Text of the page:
Are Chick Flicks Evil?

13 Aug

I’m not ashamed to admit that I love a good chick flick. It’s evident just how much when you check out past blog posts. Long time readers may remember posts about Sex And The City 2 and The Back-Up Plan. Not too long ago I bitched about the fact my solo trip to New York wasn’t anything like my fave NY-based rom coms; Hitch, How To Lose a Guy In 10 Days and Brown Sugar.

Doris Day & Rock Hudson. My love of chick flicks goes way back.

It started while I very young. As a kid I was enamoured with films such Grease, Dirty Dancing, Pretty Woman (I own all three films on DVD as an adult, FYI) as well as movies featuring greats such as Doris Day, Judy Garland, Ginger Rogers, Fred Astaire, Rock Hudson and Bing Crosby (Seriously showing my age here). I’ve always been a sucker for a happy romantic ending.

Happy Ever After Addicts
A friend of mine forwarded me this article on the Grazia website, “Are Romantic Films Ruining Your Love Life?”
and it made me think. Once again I’m going to refer to that book, but I remember Marry Him: The Case For Settling For Mr Good Enough also had a chapter that touched upon romantic movies and how they’ve manage to drum it into our heads that the handsome, perfect, Knight-In-Shining-Armour-type is what we should be looking for. In my late teens and twenties, there was a part of me that thought it normal. It was what I was aiming for, I wanted the same thing that Meg Ryan and Julia Roberts had. However now, being the bitter old cynic that I am, I watch these movies and think “Pssh. Yeah right, like that would ever happen in real life.” Unrealistic-ness aside, I still love the fantasy of chick flicks and nine times out of ten, I’ll have an lump in my throat by the time I get to the end of the movie. Sometimes, (ahem, most of the time) I’ll end up straight bawling my eyes out. Just a couple of weekends ago I tweeted while watching 500 Days of Summer –

“What I’ve learnt from 500 Days of Summer: Act like you don’t give a shit & THEN that’s when a nice guy’ll want a relationship with you. Duh.”

and I received this interesting response from New York blogger Jack From Brooklyn. Oh, how I do love a male point of view –

“Romantic comedies RUIN relationships; in real life good guys appreciate women who are good to them #chickflicksSUCK”

So there you have it, “Romantic comedies RUIN relationships” and “Chick Flicks Suck”. Ouch. That’s another vote against ‘evil’ chick flicks then. Are rom coms really to blame? I don’t think so. Just as I don’t think horror films are responsible for creating serial killers. If a person knows their ‘own mind’ surely they can’t be swayed into making life decisions based upon Hollywood make-believe?

As for my views on the Grazia article: Hell no, I don’t think rom coms have rose-tinted my vision and yes, there is most definitely something wrong with being caught up in chasing the perfect Hollwood ending. Wake up people, this is the real world!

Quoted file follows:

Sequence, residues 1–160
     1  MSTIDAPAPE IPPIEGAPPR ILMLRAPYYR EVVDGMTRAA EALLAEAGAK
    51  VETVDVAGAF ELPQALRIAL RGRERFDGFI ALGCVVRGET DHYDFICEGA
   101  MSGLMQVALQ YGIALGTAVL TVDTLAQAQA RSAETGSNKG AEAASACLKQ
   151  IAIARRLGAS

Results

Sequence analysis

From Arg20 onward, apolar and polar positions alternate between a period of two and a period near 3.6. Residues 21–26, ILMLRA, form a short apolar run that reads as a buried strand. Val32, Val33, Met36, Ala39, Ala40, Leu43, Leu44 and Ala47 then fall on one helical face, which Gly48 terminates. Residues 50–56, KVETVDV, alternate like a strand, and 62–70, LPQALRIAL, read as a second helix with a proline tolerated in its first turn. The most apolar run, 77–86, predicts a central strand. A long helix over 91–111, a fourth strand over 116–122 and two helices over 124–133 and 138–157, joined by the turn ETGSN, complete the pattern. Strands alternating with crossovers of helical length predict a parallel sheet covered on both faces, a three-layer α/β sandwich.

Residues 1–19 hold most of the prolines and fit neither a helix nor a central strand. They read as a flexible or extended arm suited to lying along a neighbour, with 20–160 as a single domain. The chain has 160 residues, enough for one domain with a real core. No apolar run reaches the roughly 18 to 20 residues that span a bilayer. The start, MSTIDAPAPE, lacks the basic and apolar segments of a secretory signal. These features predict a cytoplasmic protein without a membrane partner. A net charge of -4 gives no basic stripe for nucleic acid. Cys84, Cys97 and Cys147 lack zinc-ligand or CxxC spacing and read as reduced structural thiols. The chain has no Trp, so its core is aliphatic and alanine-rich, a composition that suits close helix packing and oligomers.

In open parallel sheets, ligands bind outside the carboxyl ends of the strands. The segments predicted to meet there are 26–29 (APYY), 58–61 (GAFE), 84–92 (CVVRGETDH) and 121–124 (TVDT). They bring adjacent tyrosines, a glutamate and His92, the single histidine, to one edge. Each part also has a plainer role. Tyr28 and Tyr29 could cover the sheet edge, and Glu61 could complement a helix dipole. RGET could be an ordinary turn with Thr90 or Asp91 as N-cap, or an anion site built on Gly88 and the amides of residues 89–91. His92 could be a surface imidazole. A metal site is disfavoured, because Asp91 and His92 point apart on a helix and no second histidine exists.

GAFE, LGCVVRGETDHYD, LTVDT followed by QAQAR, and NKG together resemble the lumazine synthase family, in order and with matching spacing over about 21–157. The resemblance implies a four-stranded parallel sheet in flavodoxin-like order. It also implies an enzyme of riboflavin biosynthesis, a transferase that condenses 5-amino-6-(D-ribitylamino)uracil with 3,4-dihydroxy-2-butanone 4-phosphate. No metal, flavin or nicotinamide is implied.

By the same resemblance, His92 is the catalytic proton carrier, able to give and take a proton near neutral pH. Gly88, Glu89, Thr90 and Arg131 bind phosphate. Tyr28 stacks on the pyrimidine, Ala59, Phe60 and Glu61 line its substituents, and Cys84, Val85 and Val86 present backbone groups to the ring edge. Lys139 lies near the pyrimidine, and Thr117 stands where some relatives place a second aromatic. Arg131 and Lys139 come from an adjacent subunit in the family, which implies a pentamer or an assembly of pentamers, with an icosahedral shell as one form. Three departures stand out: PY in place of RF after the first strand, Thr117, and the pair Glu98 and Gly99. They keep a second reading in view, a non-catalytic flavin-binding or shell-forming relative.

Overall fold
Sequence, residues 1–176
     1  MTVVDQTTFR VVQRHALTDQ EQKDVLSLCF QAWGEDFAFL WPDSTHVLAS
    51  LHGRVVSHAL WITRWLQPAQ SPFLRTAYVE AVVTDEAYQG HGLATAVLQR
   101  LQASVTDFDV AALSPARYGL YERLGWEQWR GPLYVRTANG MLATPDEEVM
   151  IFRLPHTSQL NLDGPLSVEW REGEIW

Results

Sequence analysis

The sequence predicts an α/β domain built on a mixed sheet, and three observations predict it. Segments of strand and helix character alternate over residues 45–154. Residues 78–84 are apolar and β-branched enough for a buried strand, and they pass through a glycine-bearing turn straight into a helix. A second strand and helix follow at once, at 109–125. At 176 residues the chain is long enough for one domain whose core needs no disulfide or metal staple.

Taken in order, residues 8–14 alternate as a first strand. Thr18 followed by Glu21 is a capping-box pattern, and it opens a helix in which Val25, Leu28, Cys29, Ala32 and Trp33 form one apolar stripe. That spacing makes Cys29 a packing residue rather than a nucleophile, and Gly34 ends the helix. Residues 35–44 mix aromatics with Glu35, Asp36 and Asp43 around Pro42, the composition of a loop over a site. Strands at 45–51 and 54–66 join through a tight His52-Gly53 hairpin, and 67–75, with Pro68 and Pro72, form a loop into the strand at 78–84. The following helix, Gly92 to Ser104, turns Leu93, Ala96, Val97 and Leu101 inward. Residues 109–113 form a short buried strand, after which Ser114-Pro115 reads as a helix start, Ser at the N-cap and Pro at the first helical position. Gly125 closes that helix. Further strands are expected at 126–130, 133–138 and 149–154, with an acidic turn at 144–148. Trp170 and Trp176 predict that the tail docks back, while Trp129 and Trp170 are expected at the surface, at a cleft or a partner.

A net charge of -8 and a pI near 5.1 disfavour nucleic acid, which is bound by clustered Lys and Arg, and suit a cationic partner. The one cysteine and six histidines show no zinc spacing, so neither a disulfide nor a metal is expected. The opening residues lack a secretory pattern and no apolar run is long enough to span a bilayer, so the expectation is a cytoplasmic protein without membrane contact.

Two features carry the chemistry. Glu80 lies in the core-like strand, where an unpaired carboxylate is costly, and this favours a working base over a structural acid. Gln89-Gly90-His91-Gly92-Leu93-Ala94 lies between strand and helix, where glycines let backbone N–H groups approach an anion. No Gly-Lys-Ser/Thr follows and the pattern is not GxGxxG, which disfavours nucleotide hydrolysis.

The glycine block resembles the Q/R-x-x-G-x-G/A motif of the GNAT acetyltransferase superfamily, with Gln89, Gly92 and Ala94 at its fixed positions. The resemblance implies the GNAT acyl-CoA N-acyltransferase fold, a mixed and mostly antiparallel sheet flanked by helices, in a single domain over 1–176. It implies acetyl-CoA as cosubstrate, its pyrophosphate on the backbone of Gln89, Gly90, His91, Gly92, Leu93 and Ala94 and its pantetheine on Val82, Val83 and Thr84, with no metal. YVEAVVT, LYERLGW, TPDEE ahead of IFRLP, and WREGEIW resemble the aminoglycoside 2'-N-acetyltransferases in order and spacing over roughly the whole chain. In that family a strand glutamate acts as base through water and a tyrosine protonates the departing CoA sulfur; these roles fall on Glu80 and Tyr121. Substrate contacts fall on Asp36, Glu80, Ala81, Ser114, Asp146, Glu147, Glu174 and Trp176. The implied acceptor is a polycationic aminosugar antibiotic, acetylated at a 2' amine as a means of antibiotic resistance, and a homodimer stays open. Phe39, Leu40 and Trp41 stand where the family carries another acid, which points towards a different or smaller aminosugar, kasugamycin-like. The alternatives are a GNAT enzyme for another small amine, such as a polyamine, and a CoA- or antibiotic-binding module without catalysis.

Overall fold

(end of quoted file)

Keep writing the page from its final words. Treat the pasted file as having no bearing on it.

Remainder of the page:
4 Responses to “Are Chick Flicks Evil?”

  1. Man-shopper August 13, 2010 at 11:54 AM #

    Unfortunately, I think that rom coms have an insidious influence on our culture — despite our best efforts to tell ourselves otherwise. Even though I hate rom coms, which either induce white-hot fury at the world or provoke my gag reflex, I can’t deny the fact that they still have in impact on the way I think about love and relationships — on some sub-conscious level at least.

    Although I spend a lot of time ranting about how rom coms are unrealistic and how they poison our minds, there is something in the deepest, darkest recesses of my mind that is still hoping that I can have some semblance of that happy ending. On some level, I want that handsome guy to move the earth to be with me. I’m awesome, right? Why can’t I find a guy like that?

    I have to talk myself down from that, and it’s tiring. Stupid rom coms. I hate everything.

    • TheSingleFilez August 13, 2010 at 1:07 PM #

      I hear you hun, I do. Although, for me it’s almost like I have what I like to call ‘my poster boys’ – David Beckham, Shemar Moore, Eddie Cibrian et al. They’re my fantasy boys who I drool over on a regular basis. Are they real? Would I expect my real life boyfriend to look like them? Hell no. (I should be so damn lucky!)

      I think it’s about being realistic. About being able to distinguish between fact and fiction. Although, I do agree with you about wanting the happy ending. I want one too… with ‘Prince Charming’? Maybe not, but with a regular guy who is ‘right for me’? I bloody well hope so!

  2. delightfuleccentric August 14, 2010 at 3:35 PM #

    I think it actually started with fairy tales. Cinderella, Snow White, Beauty & the Beast, and every other story that ends with “And they lived happily ever after.” Add romantic comedies and romance novels, is it really any wonder women have an ideal in mind when we think about our romantic relationships?

    • TheSingleFilez August 15, 2010 at 12:16 PM #

      So very true. I loved fairy tales as a kid. The amount of times I watched ‘The Slipper & The Rose’ film adaptation of Cinderella was ridiculous.

      Yes, it really would be wonderful to live ‘happily ever after’… *Sigh*

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